Boat noodle soup at the Thai Cuisine. (Doug Kapustin/For The Washington Post)

The broth strikes fear into those who prefer the mountain-stream clarity of consommé. The liquid in my bowl of boat noodle soup at the Thai Cuisine practically roils, dark and opaque, as if it were extracted from the devil’s black heart. You half expect to see an animal skull float to the surface.

The broth’s fearsome appearance is, of course, part of its appeal, the thrill of staring a wild beast in the eye. Your first sip confirms what your brain already suspected: The soup is a feral creature that snorts fire from its nostrils. It will drag you to places you simultaneously fear and desire. You’ll revel in the ad­ven­ture and, years from now, tell your grandkids about the time you slurped down a soup prepared, in part, with animal blood.

Okay, I’m exaggerating for dramatic effect, but the boat noodle soup at Thai Cuisine does include the blood of either a pig or cow, depending on which bowl you order. The ingredient is essential to the proper preparation of the dish, sometimes called floating market noodle soup, a nod to the Bangkok waterways where vendors hawk all kinds of food, homemade or straight from the field. The ingredient also provides a small glimpse into this Rockville storefront, which channels the flavors of Thailand without pausing to consider more fragile palates.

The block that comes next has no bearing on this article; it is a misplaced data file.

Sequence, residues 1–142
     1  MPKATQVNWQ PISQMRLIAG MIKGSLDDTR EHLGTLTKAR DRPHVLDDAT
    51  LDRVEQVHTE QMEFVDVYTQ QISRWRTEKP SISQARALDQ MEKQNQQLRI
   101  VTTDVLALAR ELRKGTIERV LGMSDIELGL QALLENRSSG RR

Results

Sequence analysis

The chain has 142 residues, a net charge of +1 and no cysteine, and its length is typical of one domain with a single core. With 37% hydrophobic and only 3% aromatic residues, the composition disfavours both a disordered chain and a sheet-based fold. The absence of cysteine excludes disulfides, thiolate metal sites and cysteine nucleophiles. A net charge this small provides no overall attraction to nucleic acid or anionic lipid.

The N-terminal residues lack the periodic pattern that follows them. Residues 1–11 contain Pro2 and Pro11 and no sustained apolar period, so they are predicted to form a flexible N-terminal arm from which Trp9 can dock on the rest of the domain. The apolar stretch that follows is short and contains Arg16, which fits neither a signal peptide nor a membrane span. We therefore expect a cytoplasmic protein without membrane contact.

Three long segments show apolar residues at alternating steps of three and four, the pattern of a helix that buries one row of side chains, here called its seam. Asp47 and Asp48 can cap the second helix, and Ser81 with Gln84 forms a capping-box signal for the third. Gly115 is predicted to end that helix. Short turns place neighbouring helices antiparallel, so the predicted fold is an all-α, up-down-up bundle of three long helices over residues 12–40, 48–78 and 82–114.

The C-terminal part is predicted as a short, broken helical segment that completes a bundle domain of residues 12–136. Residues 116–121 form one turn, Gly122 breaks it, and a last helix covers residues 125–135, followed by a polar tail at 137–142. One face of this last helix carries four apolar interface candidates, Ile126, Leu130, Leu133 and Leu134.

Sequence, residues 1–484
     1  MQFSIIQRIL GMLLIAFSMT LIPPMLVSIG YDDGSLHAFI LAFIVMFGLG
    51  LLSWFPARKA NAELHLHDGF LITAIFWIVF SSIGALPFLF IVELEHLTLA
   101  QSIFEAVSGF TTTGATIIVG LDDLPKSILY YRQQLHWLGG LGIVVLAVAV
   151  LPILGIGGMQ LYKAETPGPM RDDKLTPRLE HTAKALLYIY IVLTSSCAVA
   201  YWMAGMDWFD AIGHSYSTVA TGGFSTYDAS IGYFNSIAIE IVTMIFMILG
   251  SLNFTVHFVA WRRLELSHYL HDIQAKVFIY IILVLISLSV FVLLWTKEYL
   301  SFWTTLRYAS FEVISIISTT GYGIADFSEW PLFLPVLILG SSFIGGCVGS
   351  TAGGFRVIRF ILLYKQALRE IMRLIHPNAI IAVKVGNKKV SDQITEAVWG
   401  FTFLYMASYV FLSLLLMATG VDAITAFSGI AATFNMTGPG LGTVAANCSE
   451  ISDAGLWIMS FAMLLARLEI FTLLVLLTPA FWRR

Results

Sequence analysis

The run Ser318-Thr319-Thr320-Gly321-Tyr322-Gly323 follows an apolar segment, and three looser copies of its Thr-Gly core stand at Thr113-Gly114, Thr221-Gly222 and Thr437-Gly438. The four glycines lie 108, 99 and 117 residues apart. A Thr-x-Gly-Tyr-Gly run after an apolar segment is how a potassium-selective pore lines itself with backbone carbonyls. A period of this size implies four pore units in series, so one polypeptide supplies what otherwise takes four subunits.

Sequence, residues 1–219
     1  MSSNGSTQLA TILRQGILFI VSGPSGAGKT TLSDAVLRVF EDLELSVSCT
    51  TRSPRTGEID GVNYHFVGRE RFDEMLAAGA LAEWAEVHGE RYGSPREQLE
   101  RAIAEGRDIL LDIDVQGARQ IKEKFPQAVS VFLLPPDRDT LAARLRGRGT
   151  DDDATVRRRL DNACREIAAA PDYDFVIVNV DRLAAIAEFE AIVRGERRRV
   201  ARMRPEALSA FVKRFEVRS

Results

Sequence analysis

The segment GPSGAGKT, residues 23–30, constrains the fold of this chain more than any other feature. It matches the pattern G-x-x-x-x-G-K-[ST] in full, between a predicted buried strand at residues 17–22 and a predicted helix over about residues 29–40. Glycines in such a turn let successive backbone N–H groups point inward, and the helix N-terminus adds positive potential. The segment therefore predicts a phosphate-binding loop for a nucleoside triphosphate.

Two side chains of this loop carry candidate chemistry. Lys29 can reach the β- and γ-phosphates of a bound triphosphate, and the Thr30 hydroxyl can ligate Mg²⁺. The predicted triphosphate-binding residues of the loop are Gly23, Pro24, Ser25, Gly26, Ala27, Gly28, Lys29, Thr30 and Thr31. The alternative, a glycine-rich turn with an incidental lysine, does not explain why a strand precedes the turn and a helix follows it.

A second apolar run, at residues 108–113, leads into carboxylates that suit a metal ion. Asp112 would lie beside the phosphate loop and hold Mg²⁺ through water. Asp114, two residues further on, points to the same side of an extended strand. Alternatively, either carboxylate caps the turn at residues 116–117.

What’s interesting about Thai Cuisine — aside from its intoxicating boat soup — is that its Rockville location offers a headier menu than its sister restaurant in Olney, which debuted in 2004, seven years earlier than this spot on Hungerford Drive. The later operation was custom-made for Rockville, where the owners felt more comfortable introducing the fragrant, fiery street fare of Thailand to locals. I should point out that this nervy outpost also predates Little Serow, Soi 38, Baan Thai and other acknowledged pioneers of authentic Thai cooking in the District.


Business partners Natee Pansiri, left, and Pongwasu Saengsophaphan, right, opened the Thai Cuisine with chef Sukhum Pongpol. (Doug Kapustin/For The Washington Post)